Wednesday, July 5, 2017

Port Angeles 98362

It was bound to happen sooner or later.  After all, I have been on a shopping drought for 18 months now.  I used to buy a new outfit once a month.  I loved shopping for clothes.  I lived for shopping.  The feel of the fabric, the creativity in putting separates together to form a whole.  Everything about it.  The smell.  The colors. The camaraderie found in the boutiques.  It was fun.  Stimulating.  I got that Sex and the City line totally.  You know the one:  Shopping is my cardio.

So while we drove through downtown Port Angeles, those cute little clothing stores drew me in.  I was getting sick and tired of my blue jeans and hiking boots. I ordered my travel buddy to stop and park.  "I'll see you in a couple of hours," I said.

  But first I noticed all the great street art around.  There were murals and sculptures and wind turbines that looked like giant whirligigs. Okay, so I'd spend the first half hour taking pictures of the incredible art.  Then I'd shop.


The art took me down to the waterfront where I discovered a row of bronze plaques highlighting the history of this small town on the northern edge of the Olympic Peninsula--from the indigenous people who lived here thousands of years ago, to the Spanish exploration, the whaling industry and then the 20th century. I read them all.

Port Angeles has a population of only 19,500, but it is a host city to people from all over the world who come here to see Olympic National Park.  Like us, they made this small town their home base while visiting here.
Suddenly, I realized my two hours were up.  I quickly ducked into a store, looked around, didn't see anything I wanted to try on, but struck up a conversation with the sales associate.  Not about clothes.  But about food.  "Where's a good place to get a good fish dinner around here?" I asked.  She had several suggestions but Downriggers was just a block away and on the waterfront.  I texted my travel buddy to meet me there.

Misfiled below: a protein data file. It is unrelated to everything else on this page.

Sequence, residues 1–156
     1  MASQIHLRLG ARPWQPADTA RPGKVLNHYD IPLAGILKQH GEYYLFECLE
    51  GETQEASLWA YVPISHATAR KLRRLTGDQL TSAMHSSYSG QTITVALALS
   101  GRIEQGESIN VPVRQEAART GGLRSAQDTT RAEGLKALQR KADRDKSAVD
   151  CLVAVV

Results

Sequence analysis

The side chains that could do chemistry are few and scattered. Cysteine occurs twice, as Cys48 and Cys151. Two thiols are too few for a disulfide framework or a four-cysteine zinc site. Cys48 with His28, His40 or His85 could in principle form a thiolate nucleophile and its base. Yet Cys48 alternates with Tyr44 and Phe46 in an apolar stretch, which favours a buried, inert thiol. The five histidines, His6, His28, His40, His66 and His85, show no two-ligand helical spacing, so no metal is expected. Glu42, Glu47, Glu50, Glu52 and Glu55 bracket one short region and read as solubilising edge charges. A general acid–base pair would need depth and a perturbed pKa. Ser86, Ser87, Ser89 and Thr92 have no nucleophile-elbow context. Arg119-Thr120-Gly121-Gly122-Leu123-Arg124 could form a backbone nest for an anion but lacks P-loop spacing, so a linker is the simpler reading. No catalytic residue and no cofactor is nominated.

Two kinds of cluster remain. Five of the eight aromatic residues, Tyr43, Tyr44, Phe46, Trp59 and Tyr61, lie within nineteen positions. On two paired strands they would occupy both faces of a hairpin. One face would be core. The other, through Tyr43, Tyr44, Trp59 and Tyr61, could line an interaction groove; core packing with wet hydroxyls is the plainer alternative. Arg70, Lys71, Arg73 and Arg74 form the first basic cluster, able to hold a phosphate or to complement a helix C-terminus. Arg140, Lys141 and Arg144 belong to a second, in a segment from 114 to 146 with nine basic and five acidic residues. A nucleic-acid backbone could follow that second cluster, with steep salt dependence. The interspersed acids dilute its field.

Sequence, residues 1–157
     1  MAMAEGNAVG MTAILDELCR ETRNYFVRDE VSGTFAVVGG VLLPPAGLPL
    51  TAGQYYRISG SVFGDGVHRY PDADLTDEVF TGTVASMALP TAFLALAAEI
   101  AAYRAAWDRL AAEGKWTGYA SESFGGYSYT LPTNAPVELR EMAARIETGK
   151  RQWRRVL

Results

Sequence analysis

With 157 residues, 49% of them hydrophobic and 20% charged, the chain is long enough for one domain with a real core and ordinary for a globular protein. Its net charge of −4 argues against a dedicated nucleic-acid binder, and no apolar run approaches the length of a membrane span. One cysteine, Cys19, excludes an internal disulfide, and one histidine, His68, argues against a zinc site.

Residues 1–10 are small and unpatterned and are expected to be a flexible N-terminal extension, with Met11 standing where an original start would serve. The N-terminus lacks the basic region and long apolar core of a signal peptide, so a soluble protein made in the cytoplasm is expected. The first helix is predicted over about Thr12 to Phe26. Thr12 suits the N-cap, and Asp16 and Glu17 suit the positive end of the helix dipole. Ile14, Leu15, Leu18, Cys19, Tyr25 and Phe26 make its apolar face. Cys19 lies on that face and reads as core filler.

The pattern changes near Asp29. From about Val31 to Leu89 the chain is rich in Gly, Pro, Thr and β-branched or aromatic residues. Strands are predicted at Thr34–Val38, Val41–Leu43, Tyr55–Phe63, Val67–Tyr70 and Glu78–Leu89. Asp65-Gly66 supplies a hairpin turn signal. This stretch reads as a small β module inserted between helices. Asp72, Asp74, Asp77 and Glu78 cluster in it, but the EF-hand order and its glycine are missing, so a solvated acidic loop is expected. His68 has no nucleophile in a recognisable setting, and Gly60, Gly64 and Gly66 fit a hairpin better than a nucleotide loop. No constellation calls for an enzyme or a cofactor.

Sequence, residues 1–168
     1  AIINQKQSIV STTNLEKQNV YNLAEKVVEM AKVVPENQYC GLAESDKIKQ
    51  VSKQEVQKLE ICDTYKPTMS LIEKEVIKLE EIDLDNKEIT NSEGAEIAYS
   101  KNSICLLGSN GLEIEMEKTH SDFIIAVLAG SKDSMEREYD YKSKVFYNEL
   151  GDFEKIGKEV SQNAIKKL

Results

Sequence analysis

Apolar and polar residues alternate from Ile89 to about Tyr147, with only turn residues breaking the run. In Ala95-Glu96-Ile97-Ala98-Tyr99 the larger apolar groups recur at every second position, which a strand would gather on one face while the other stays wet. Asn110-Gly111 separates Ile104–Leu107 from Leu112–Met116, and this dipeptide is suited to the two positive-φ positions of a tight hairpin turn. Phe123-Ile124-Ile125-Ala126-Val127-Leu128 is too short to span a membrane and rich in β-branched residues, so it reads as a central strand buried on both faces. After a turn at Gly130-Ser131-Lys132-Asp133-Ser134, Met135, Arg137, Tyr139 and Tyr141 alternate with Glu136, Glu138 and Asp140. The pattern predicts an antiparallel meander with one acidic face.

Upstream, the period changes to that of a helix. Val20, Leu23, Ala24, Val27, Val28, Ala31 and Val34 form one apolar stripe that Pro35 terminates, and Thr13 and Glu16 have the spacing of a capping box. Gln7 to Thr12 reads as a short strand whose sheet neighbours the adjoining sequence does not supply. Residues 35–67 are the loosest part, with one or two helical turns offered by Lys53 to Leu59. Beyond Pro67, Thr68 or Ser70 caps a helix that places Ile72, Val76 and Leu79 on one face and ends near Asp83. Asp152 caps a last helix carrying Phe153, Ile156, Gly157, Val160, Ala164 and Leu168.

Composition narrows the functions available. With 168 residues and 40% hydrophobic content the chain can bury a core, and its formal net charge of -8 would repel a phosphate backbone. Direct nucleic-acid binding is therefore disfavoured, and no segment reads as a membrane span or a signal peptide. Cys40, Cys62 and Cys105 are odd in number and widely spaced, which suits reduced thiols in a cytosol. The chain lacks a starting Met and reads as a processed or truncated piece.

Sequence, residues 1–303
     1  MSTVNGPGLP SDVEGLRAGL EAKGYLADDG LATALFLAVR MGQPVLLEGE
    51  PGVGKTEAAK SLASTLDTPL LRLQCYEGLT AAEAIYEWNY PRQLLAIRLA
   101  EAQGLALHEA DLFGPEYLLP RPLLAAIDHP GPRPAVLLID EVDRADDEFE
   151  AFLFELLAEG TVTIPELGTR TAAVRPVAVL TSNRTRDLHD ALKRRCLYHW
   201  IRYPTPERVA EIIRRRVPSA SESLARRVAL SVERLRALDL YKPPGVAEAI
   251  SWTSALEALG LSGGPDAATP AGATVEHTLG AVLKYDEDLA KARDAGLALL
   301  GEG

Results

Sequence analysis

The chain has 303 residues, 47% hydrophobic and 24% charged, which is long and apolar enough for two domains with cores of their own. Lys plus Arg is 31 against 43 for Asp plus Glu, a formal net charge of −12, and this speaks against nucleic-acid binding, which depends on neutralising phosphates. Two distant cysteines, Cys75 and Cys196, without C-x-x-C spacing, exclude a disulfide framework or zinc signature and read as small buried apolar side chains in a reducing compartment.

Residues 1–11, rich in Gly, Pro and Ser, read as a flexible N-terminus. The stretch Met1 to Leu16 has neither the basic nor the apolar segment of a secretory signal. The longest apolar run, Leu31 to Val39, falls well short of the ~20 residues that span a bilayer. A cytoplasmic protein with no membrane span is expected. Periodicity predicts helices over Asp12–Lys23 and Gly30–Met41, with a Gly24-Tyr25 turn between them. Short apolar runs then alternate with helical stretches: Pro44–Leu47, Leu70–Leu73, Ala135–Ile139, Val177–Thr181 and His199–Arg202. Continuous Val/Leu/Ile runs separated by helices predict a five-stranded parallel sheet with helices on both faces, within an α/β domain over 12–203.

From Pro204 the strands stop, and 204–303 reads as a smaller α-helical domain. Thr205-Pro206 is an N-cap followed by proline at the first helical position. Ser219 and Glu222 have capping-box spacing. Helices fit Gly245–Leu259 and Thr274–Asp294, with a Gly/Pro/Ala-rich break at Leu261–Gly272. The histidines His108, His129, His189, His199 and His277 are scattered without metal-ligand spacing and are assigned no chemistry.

This fabulous tree decorated with masks was in front.  I spent so much time ogling it that I got another text.  "Where the heck are you?"
He had already ordered a carafe of white wine.

I scanned the restaurant and found him sitting at a table by a window.  A snow-capped Mt. Baker was framed within its panes.

"Wow," I gasped.

"Uh, where are your shopping bags?" my travel buddy asked.

"My what?"  I couldn't stop looking at that beautiful mountain.  And the Juan de Fuca Strait.  And Vancouver Island.  And the ferry leaving the dock to take people over there.  It was all so beautiful.

Over a delicious meal of steamed clams and Caesar salads, we had a good laugh over my "shopping spree" that never happened.  It made me realize how much I have changed over the past two years.  I don't really need another dress.  Or high heeled sandals.

What I really need is a ticket for a ferry that will take me up the Inland Passage and beyond!











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